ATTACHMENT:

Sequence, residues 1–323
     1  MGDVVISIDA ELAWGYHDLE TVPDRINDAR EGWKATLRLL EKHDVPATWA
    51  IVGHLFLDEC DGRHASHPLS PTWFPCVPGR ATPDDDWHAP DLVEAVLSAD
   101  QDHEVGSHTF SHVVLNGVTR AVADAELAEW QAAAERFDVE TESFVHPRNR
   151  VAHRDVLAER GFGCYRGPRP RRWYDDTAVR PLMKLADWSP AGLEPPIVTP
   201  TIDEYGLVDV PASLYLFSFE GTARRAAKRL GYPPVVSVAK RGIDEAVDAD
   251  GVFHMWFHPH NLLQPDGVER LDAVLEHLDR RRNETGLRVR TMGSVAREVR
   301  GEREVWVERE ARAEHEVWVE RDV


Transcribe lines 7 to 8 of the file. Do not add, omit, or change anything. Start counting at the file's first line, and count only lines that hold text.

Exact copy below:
   251  GVFHMWFHPH NLLQPDGVER LDAVLEHLDR RRNETGLRVR TMGSVAREVR
   301  GEREVWVERE ARAEHEVWVE RDV